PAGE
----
If You Are An Immigrant (even a US Citizen), Here Are 9 Things You Should Know

Are you a Naturalized U.S. Citizen, Lawful Permanent Resident, Visa Holder, or an Undocumented Immigrant? We recommend you take the following steps to protect yourself in our current version of America.
The last couple of weeks have reminded immigrants, even naturalized U.S. citizens, that they were not born in the United States. Our office has received countless phone calls, emails, and social media messages from people worrying about what their family’s future in the United States holds.
Most people want to know what they can do now to protect themselves from what promises to be a wave of anti-immigration activity by the federal government. Trump's Executive Order on Interior Enforcement has some provisions that should make most Americans shiver.  We recommend the following actions for each of the following groups:
Naturalized U.S. citizens. In particular if you have a foreign accent, and you are traveling within 100 miles of any US Border (including the oceans), we strongly rec…
Si usted es inmigrante (incluso un ciudadano de los EE.UU.), aquí hay 9 cosas que usted debe saber.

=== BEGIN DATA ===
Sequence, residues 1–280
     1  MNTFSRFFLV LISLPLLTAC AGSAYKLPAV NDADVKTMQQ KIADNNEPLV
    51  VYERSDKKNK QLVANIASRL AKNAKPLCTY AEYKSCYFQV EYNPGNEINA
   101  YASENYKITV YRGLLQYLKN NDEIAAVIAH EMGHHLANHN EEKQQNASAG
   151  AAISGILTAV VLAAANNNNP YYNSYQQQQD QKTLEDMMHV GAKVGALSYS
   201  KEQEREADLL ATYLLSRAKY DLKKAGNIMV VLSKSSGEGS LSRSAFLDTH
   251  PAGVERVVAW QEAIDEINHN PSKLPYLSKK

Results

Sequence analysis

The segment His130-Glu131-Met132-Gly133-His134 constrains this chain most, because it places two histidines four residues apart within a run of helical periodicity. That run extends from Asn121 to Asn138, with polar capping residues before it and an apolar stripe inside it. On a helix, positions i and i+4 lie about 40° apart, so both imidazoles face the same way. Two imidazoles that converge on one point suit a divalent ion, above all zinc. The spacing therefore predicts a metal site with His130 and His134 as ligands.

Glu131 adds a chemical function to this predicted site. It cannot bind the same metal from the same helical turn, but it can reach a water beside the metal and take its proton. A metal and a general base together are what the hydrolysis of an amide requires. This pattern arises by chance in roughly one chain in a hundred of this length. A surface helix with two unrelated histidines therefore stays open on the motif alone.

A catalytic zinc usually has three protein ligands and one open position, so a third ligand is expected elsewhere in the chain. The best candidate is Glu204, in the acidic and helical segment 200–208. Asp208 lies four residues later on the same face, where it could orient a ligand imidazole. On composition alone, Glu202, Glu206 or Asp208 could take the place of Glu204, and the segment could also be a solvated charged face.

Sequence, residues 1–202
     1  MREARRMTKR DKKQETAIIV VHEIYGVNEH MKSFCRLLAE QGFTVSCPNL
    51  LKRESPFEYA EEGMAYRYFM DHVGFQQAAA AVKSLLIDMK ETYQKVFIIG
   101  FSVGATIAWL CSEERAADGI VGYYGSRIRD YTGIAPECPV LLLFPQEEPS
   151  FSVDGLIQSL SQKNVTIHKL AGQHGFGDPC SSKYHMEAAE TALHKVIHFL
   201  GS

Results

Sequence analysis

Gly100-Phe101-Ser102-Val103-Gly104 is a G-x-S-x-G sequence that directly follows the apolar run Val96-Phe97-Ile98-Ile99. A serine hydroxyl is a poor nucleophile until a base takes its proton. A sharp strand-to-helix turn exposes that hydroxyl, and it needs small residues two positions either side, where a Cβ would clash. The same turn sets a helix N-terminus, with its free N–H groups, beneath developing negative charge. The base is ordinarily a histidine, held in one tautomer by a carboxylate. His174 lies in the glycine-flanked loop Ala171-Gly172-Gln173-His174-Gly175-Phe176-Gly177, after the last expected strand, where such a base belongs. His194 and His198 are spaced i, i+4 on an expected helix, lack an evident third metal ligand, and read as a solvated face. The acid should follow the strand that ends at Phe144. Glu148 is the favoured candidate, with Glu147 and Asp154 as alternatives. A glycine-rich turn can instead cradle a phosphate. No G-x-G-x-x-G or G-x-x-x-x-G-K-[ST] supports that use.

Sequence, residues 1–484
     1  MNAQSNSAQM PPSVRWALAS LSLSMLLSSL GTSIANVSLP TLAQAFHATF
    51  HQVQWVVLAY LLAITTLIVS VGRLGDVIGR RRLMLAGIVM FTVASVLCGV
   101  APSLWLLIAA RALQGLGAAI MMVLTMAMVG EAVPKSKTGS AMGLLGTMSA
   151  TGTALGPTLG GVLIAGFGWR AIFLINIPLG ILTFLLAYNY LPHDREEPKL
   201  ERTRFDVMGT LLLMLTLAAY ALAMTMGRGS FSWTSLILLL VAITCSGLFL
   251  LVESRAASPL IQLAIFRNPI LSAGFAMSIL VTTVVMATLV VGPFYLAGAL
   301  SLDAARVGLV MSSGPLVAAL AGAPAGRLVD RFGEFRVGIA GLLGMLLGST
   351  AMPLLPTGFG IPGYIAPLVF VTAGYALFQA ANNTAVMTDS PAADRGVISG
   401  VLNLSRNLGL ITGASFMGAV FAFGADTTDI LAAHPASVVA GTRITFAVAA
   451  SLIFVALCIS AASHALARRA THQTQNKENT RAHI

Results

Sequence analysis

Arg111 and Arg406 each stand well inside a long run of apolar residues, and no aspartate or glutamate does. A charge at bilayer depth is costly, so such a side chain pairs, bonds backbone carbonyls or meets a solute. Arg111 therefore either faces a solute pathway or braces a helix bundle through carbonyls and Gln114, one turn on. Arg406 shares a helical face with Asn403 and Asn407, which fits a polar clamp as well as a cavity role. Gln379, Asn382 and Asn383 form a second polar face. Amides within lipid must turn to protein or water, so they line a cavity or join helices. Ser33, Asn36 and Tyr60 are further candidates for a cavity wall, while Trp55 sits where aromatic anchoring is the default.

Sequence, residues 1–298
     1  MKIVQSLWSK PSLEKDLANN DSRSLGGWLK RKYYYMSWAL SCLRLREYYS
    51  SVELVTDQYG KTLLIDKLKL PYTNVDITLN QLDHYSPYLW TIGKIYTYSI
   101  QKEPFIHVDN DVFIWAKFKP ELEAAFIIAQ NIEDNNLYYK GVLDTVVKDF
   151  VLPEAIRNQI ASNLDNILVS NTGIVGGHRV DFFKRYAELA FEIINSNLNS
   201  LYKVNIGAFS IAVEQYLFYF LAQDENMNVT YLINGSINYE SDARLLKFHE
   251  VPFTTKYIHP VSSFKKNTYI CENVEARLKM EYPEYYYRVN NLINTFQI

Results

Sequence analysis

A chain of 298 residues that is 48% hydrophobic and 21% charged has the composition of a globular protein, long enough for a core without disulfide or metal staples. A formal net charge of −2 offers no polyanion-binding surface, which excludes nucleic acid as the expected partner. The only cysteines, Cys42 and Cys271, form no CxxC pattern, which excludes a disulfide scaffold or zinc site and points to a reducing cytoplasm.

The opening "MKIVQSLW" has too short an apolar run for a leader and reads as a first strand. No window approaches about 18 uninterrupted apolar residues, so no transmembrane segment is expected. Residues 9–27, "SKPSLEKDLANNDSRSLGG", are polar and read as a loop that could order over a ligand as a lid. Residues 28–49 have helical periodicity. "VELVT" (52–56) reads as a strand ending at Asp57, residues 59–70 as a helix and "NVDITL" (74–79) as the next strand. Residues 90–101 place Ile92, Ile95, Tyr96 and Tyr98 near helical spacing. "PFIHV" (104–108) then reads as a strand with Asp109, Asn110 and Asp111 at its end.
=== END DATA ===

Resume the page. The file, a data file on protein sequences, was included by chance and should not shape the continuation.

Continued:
¿Es usted un ciudadano estadounidense naturalizado, residente legal permanente, titular de una visa o inmigrante indocumentado? Le recomendamos que tome los siguientes pasos para protegerse de nuestra versión actual de América.
Las últimas semanas hemos recordado a los inmigrantes, incluso a los ciudadanos estadounidenses naturalizados, que no nacieron en los Estados Unidos. Nuestra oficina ha recibido innumerables llamadas telefónicas, mensajes de correo electrónico y mensajes de medios sociales de personas preocupadas por el futuro de su familia en los Estados Unidos.
La mayoría de gente quiere saber qué puede hacer ahora para protegerse de lo que promete ser una ola de actividad anti-inmigración por parte del gobierno federal. La orden ejecutiva de Trump sobre la aplicación de la ley interior tiene algunas disposiciones que deberían hacer temblar a la mayoría de los estadounidenses. …

The DOJ Raised The Penalty Fee for Immigration Law Violations--Including Employer Sanctions

The Department of Justice announced an increase in fines for violations of the Immigration and Nationality Act, as the pertain to those sections that account for fraud, document abuse, and unfair immigration-related employment practices. While this is only an adjustment for inflation, it brings home the point that that poorly or incorrectly completing immigration forms, like the Form I-9, can lead to very costly fines from ICE and the Immigration Court. If you have any questions or concerns about I-9s in your company, please call the attorneys and Kuck Immigration Partners.  We have decades of experience representing employers in the ICE and DOL immigration investigations.  You can reach us at 404-816-8611 or at ckuck@Immigration.net.  




U.S.C. citation

Name/description

CFR citation DOJ penalty assessed after 8/1/2016 ($) 1 DOJ penalty assessed after 2/3/2017 ($) 2 8 U.S.C.     IRCA; Unfair immigration-related employment practices, document abuse (per individual discriminated against).     …